How does one safely sterilize/clean a cloth face covering?

A washing machine should suffice in properly washing a cloth face covering.

How does one safely remove a used cloth face covering?

Individuals should be careful not to touch their eyes, nose, and mouth when removing their cloth face covering and wash hands immediately after removing.

cdc logo

How to Make a Sewn Cloth Face Covering


  • Two 10”x6” rectangles of cotton fabric
  • Two 6” pieces of elastic (or rubber bands, string, cloth strips, or hair ties)
  • Needle and thread (or bobby pin)
  • Scissors
  • Sewing machine
illustrated sewing machine


1. Cut out two 10-by-6-inch rectangles of cotton fabric. Use tightly woven cotton, such as quilting fabric or cotton sheets. T-shirt fabric will work in a pinch. Stack the two rectangles; you will sew the cloth face covering as if it was a single piece of fabric.

tutorial graphic that features two blue 6 inch by 10 inch rectangles


2. Fold over the long sides ¼ inch and hem. Then fold the double layer of fabric over ½ inch along the short sides and stitch down.

tutorial graphic that outlines small folds in the cloth and where to stitch


3. Run a 6-inch length of 1/8-inch wide elastic through the wider hem on each side of the cloth face covering. These will be the ear loops. Use a large needle or a bobby pin to thread it through. Tie the ends tight. Don’t have elastic? Use hair ties or elastic head bands. If you only have string, you can make the ties longer and tie the cloth face covering behind your head.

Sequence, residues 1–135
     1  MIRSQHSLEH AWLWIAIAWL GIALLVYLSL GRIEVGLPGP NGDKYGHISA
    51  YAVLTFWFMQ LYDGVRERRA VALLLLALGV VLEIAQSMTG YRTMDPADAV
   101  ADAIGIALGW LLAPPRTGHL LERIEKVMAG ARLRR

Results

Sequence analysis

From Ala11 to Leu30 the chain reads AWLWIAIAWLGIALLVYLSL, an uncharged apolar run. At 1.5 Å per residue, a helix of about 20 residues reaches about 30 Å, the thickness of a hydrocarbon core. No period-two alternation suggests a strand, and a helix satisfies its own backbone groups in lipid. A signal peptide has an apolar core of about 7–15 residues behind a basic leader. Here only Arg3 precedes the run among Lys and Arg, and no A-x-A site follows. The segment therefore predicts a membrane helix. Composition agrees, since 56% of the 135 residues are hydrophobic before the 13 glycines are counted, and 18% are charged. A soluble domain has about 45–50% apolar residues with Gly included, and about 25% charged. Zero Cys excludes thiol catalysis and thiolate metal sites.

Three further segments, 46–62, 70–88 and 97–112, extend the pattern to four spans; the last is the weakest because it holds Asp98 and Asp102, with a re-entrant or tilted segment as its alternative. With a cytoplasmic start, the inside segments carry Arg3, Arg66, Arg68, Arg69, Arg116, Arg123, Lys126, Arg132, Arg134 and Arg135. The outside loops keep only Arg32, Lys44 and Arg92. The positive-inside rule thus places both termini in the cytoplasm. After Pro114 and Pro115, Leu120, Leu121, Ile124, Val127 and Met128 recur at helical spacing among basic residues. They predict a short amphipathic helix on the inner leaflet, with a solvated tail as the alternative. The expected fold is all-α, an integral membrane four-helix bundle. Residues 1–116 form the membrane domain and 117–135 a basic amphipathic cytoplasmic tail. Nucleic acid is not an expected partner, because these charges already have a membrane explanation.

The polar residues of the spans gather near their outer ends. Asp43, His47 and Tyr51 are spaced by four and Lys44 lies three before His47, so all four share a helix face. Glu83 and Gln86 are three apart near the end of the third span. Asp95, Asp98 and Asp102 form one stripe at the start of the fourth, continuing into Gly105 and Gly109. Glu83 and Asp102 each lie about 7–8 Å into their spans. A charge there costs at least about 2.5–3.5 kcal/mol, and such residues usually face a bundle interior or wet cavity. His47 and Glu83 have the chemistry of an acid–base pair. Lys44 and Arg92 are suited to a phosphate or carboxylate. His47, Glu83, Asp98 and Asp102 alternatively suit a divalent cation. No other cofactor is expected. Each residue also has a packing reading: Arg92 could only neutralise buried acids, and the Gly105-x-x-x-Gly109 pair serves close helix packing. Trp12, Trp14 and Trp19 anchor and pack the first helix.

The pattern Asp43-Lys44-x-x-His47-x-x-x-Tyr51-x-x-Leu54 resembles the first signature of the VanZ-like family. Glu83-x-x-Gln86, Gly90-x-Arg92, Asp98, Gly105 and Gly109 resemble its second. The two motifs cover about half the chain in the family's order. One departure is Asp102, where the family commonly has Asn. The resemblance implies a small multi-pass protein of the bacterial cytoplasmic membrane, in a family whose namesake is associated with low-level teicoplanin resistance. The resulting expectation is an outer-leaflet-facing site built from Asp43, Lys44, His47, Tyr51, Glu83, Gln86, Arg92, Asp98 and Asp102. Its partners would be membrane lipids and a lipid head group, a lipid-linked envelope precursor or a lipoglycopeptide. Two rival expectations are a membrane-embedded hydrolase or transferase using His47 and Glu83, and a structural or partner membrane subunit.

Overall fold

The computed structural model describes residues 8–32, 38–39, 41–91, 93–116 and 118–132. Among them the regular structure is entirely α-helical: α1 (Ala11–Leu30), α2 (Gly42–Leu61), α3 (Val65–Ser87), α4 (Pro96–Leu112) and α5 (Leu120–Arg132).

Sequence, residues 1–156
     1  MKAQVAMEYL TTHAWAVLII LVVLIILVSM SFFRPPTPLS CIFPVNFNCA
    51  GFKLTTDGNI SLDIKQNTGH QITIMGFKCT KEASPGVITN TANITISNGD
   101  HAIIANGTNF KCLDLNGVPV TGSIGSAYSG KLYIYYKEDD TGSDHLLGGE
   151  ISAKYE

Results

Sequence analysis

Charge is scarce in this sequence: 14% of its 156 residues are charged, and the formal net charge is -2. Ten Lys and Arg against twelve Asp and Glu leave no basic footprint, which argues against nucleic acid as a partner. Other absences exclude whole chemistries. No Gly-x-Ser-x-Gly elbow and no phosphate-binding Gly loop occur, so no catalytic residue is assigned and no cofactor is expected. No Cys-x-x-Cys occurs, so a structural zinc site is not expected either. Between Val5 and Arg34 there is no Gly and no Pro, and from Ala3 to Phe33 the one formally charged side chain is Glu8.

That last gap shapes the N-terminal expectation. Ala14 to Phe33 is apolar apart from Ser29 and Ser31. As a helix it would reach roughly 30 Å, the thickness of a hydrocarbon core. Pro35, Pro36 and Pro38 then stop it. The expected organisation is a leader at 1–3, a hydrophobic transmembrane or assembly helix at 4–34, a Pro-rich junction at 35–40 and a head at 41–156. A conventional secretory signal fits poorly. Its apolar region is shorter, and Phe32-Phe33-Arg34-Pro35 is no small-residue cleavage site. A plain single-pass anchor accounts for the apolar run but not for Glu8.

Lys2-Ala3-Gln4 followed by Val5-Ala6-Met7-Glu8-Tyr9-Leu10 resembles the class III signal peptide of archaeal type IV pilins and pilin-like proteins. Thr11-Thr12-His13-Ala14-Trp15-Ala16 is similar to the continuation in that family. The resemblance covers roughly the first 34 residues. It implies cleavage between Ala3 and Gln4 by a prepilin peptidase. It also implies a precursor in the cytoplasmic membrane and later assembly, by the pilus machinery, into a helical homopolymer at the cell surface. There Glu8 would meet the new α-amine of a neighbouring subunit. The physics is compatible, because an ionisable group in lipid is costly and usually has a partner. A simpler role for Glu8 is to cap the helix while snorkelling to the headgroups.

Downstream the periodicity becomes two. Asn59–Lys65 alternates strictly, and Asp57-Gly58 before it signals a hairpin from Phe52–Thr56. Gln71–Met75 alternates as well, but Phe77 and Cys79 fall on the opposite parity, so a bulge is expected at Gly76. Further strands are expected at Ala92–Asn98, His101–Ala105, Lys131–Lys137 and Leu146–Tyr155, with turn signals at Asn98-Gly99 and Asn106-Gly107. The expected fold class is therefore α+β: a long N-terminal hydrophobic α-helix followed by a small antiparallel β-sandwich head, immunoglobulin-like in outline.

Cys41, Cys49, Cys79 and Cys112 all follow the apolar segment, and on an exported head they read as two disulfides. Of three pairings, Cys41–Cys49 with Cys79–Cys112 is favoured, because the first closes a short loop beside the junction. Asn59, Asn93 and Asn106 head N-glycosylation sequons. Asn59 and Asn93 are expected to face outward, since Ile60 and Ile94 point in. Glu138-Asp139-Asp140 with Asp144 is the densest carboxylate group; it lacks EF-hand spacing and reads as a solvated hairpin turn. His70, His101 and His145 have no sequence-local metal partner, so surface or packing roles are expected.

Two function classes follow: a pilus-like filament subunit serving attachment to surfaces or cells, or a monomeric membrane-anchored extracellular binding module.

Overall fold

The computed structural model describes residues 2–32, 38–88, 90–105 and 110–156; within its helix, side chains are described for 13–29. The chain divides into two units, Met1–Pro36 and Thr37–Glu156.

tutorial image that highlights how to thread the elastic band into the mask


4. Gently pull on the elastic so that the knots are tucked inside the hem. Gather the sides of the cloth face covering on the elastic and adjust so the mask fits your face. Then securely stitch the elastic in place to keep it from slipping.

tutorial image showing completed cloth mask construction

How to Make a Quick Cut T-shirt Cloth Face Covering (no sew method)


  • T-shirt
  • Scissors


illustrated steps to create a t-shirt cloth face covering, 3 steps, cut shirt, cut tie strings, tie strings around neck and top of head

How to Make a Bandana Cloth Face Covering (no sew method)


  • Bandana (or square cotton cloth approximately 20"x20")
  • Scissors (if you are cutting your own cloth)
  • Rubber bands (or hair ties)


illustrated steps to take to create a bandana cloth face covering, 6 steps on how to fold the bandana and include rubber bands or hair ties to complete mask

For more helpful information from the CDC about protecting yourself and your loved ones from COVID-19, visit the CDC COVID-19 website.  We at Right at Home Central Maryland want you to stay as safe and healthy as possible during this pandemic.  If you need help providing care for a senior loved one during these uneasy times, Right at Home is here to help.  

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Voluntary Use of Respirators

We wanted to share this helpful video about Voluntary Use of Respirators from the US Department of Labor and the Occupational Safety and Health Administration (OSHA) that explains the use of voluntary use of respirators in the workplace.

Please reach out to our office, if you have any questions about OSHA's voluntary use of respirators in the workplace.